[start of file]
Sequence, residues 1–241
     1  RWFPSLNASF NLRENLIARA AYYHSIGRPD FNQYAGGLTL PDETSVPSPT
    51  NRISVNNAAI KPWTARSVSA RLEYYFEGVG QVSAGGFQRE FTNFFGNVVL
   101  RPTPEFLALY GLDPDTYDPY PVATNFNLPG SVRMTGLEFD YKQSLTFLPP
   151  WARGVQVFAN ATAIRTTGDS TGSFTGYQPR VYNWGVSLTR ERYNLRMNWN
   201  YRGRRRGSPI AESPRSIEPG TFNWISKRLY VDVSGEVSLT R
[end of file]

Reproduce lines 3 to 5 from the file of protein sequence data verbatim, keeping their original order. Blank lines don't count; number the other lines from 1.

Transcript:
    51  NRISVNNAAI KPWTARSVSA RLEYYFEGVG QVSAGGFQRE FTNFFGNVVL
   101  RPTPEFLALY GLDPDTYDPY PVATNFNLPG SVRMTGLEFD YKQSLTFLPP
   151  WARGVQVFAN ATAIRTTGDS TGSFTGYQPR VYNWGVSLTR ERYNLRMNWN